For the setting and a cast of characters for this series, click here.
Yiftach, lost in thought, made his way to Upper Jerusalem, his feet finding their own way on what was fast becoming a familiar route through this unfamiliar city. As the streets grew wider, and the houses larger, the resentment and anger such conspicuous wealth and privilege normally provoked was dulled, his mind and heart still reeling from the confrontation from which he had just walked away.
Ever since Simon bar Giora had led his force of 15,000 men into Jerusalem at the request of the Council, Yiftach had seen little of his leader and – he had dared to believe – friend. Simon spent his days making endless plans with members of the Council, plans for the defense of Jerusalem, which may well depend on their ability to form some kind of alliance with John of Gischala and the Zealots, who still controlled the Temple area. Yiftach understood the pressure Simon was under, and the tension they all felt whenever their attention drifted to the ranks of tents beyond the walls of the city, to the Legions that were just waiting for word from Rome to begin their siege of this troublesome city.
So it was to his great surprise and delight when Simon had sought him out earlier that day. Passing a wine skin back and forth and making small talk evoked memories of all those years in the hills of Galilee, when it had just been fifty of them. As they told stories of those early days, laughing at one particular incident, Yiftach saw the lines of weariness and anxiety around Simon’s eyes soften. And realized that this was probably why Simon had come looking for him: for a moment’s respite from the pressure, and – perhaps – from a longing for simpler days, when “the enemy” was more-clearly defined. As they laughed and held each other’s gaze for a moment, Yiftach’s heart once more filled with love for this man.
But as Simon leaned forward to pass the wine skin back, Yiftach saw the lines around his eyes return, his lips draw back into a grim line. Instead of leaning back, relaxed, Simon’s posture became rigid, and Yiftach felt the moment of camaraderie pass as swiftly as it had come. “So,” Simon said, his tone flat, “I hear you’ve become a regular dining companion in the home of Council member Benyamin’s mother.” Startled by this statement, Yiftach said nothing for a long moment. He heard an edge in Simon’s tone as he continued. “I am curious as to why one such as you, who has dreamed of liberation from the power of Rome for so long, and shed blood in its pursuit, would abandon that dream in the very moment when we have a chance to realize it.” He leaned closer, so close that Yiftach could feel Simon’s breath on his cheek as he spoke. “This sect, so Benyamin tells me, preaches forgiveness of enemies. Encourages such nonsense as non-violence – “the beating of swords into plowshares,” as the prophets said. Let me tell you, Yiftach, there will be time enough for farming when we have driven the Romans from our land. You left your father’s plowshare to take up the sword with me: why would you turn your back on us – on me – when the hour of our deliverance is at hand?”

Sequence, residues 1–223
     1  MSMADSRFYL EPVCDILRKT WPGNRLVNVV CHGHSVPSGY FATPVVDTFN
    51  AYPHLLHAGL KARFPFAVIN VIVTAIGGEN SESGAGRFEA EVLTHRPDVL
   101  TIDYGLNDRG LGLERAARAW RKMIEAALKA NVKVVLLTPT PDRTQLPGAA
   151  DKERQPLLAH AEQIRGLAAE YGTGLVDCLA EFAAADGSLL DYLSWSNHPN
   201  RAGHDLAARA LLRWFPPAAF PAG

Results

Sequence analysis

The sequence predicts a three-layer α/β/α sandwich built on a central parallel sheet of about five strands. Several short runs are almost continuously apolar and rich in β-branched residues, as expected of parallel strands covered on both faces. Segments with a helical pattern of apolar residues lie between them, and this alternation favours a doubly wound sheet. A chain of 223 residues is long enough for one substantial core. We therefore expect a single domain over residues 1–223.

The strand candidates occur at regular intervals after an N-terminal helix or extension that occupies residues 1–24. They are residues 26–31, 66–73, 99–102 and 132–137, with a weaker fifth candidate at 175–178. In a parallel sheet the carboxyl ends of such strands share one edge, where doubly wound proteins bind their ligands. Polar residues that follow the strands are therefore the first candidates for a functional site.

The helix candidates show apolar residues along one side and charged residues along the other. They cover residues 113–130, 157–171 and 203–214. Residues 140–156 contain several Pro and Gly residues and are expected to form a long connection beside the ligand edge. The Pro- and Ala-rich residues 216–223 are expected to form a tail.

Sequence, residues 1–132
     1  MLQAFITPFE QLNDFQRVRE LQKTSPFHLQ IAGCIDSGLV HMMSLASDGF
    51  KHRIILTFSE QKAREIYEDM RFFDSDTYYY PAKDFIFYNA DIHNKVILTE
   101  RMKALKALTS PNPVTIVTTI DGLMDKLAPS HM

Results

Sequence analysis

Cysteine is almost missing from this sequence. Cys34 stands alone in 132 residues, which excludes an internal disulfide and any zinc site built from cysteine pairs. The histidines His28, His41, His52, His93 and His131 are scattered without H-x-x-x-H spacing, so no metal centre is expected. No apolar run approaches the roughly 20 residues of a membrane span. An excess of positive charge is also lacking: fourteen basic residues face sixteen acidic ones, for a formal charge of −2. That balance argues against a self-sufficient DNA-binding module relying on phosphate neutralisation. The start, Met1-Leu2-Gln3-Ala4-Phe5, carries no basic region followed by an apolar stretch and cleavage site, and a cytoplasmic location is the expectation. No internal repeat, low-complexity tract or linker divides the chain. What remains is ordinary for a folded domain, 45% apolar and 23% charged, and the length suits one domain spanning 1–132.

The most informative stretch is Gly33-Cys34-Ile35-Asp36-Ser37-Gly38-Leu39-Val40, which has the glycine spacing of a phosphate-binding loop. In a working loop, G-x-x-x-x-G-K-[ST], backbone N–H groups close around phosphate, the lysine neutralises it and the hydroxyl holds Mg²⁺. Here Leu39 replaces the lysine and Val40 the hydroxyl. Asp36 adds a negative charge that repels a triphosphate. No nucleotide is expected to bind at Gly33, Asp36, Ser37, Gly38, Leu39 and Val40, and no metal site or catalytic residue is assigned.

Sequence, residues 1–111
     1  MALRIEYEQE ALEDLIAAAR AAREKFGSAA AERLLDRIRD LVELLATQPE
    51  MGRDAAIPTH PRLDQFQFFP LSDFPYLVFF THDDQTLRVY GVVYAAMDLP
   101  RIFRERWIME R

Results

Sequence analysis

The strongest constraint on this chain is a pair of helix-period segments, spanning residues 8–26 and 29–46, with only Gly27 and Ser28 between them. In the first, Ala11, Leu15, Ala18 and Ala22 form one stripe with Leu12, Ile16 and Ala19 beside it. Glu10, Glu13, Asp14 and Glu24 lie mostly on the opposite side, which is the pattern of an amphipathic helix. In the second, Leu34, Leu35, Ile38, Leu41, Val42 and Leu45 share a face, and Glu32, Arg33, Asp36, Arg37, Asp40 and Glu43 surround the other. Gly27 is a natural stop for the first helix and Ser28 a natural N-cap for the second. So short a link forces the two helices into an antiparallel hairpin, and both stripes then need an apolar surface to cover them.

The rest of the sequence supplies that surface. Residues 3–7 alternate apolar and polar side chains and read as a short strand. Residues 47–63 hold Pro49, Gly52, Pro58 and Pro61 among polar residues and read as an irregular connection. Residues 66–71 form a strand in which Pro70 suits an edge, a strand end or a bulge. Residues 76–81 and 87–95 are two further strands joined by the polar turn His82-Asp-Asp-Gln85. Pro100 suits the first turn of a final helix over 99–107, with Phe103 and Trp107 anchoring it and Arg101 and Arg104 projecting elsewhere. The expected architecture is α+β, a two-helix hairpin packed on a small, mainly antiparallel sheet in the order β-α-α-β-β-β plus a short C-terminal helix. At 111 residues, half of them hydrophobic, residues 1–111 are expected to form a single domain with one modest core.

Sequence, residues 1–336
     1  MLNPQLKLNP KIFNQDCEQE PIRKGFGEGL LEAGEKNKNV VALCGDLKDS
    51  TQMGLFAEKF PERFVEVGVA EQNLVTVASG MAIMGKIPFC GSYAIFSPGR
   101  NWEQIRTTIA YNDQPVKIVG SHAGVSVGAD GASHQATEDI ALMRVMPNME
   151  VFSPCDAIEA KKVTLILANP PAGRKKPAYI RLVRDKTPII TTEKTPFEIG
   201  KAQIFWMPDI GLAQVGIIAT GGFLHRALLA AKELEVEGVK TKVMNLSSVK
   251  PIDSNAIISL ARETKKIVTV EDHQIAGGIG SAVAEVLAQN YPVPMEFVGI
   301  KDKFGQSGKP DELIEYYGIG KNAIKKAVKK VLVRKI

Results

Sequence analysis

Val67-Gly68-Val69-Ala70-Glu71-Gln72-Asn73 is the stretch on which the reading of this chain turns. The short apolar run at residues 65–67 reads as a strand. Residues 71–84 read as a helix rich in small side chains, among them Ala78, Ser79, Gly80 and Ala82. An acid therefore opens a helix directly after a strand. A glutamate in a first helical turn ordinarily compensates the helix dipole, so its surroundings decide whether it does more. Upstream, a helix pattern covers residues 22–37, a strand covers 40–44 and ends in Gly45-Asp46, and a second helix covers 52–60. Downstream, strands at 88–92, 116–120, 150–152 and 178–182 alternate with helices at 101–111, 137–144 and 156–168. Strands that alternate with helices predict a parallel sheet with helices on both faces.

Simon leaned back against the tree, his arms crossed, waiting for an answer. Yiftach felt bands of fear tighten around his chest, but held Simon’s unwavering gaze as he began to respond. “In truth, I do not fully understand why I return there night after night. As I listen to what Yohannan Marcus – Benyamin’s brother – has to say, I find myself questioning much of what he says. Which,” he paused, a wry grin spreading across his face, “he encourages. I confess there is much I find hard to understand, let alone believe. But…” His voice tailed off. “But?” Simon echoed, a hint of menace in his voice now.
Yiftach was suddenly aware in himself that he wanted – needed – Simon to understand what he himself had just realized. “But there is something about the gathering itself that I find compelling. Simon.” He leaned forward, animated. “Do you remember all those nights sitting around the campfire, up in the hills, dreaming of what life would be like after Messiah came and drove the Romans from our land, and restored the glory of Israel?” “Of course I do,” huffed Simon. It’s what has kept me going through all we’ve endured to get us to this point. What of it?” “Well,” continued Yiftach, “we talked of what our life together would be like then. That Messiah would establish justice and peace when he came. That our people would no longer know hunger, or the burden of over-taxation. That all would share in the wealth of our people – that there would be an end to the grinding poverty you and I grew up with. That we would enjoy the fruit of our own labor and not have to give the majority to the wealthy landlords who live up there.” Yiftach pointed to the Upper City.
“Yes,” responded Simon. “I remember. What of it?” Yiftach hesitated before plunging forward. “That is what I experience at the gathering. Rich and poor, master and servant, men and women, all sharing a meal at the same table. No special food and the finest wine for the host and her peers, while the rest of us get bread and the cheap stuff. But all enjoying the meal provided – each contributing as they are able. When I break bread with them, Simon, I taste the future we dreamed of in the hills. Right now. With the Romans camped outside the walls. That’s why I go back, night after night.” He sat back, and waited for Simon’s reaction…